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Dec 27, 2016
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Surely you've experienced someone saying choppy ka during a conversation due to weak mobile phone signals. You might have even said it yourself a few times to the person you're talking to. Soon, however, that won't be a problem anymore. 

The Defense Advanced Research Projects Agency (DARPA) and its A Mechanically Based Antenna (AMEBA) are trying to develop a portable ULF, or ultra-low-frequency (1Hz to 3kHz), and VLF, or very low frequency (3kHz to 30kHz) transmitters that are capable of penetrating any material that might be a hindrance to mobile phone signals.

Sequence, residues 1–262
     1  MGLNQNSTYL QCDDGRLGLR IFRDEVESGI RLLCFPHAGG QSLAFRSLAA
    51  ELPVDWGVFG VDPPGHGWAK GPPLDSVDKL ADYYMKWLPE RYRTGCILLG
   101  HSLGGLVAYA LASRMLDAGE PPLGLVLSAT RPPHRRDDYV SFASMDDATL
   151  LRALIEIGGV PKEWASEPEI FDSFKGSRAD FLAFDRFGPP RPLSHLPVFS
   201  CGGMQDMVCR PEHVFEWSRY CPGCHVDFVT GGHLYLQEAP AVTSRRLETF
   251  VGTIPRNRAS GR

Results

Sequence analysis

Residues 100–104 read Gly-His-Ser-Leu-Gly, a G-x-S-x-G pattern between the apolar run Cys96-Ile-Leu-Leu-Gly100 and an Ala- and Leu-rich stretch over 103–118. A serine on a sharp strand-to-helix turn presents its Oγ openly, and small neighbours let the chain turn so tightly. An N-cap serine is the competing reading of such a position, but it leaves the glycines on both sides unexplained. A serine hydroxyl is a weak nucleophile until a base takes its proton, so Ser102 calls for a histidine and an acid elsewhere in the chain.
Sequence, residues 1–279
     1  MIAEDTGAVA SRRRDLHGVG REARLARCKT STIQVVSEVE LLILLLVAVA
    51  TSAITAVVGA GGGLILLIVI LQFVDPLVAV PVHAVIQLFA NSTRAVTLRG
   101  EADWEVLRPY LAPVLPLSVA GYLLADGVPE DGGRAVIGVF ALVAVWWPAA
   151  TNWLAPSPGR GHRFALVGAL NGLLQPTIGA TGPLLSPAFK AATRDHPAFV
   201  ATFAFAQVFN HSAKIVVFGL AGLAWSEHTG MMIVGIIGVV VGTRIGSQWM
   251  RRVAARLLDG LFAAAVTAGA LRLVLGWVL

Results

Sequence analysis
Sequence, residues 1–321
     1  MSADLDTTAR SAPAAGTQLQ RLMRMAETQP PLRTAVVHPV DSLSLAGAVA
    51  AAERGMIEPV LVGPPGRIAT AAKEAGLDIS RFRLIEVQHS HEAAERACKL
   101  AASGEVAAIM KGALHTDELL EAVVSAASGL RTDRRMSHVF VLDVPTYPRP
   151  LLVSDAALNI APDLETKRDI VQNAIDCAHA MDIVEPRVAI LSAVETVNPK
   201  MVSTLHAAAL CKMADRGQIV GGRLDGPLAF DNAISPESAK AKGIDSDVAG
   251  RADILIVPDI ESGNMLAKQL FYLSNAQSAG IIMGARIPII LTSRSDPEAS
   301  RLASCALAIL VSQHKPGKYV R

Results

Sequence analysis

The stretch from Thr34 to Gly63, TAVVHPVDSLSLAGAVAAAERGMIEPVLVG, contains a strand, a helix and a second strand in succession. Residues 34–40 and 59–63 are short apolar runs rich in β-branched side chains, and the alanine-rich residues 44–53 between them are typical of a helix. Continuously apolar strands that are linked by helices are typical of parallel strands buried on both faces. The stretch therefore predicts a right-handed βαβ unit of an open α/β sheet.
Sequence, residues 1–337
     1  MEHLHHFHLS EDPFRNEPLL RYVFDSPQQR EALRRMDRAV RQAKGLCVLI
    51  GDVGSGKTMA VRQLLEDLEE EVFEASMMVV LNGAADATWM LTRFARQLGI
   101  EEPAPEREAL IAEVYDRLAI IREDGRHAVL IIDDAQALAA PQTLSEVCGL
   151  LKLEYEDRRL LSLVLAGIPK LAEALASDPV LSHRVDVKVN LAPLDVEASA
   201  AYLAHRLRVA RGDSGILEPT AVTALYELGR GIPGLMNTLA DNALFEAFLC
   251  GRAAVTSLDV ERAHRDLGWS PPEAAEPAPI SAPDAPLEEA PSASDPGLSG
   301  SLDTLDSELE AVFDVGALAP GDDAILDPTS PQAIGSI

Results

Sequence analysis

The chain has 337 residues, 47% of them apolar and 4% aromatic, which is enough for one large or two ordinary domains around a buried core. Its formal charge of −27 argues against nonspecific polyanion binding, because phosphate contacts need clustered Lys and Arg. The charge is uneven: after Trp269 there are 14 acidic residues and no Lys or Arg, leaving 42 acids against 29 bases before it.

This means that even the thickest wall won't be able to block your smartphone's signal. You can even talk while scuba diving if you really want to.

“If we are successful, scuba divers would be able to use a ULF channel for low bit-rate communications, like text messages, to communicate with each other or with nearby submarines, ships, relay buoys, UAVs, and ground-based assets,” according to a statement from Program Manager Troy Olsson. 

“Through-ground communication with people in deep bunkers, mines, or caves could also become possible.”

If this innovation is made available in the country soon, then it'll be quite impossible to dodge phone calls from people you don't really like. We wonder what your excuse to skip the conversation will be. 

 

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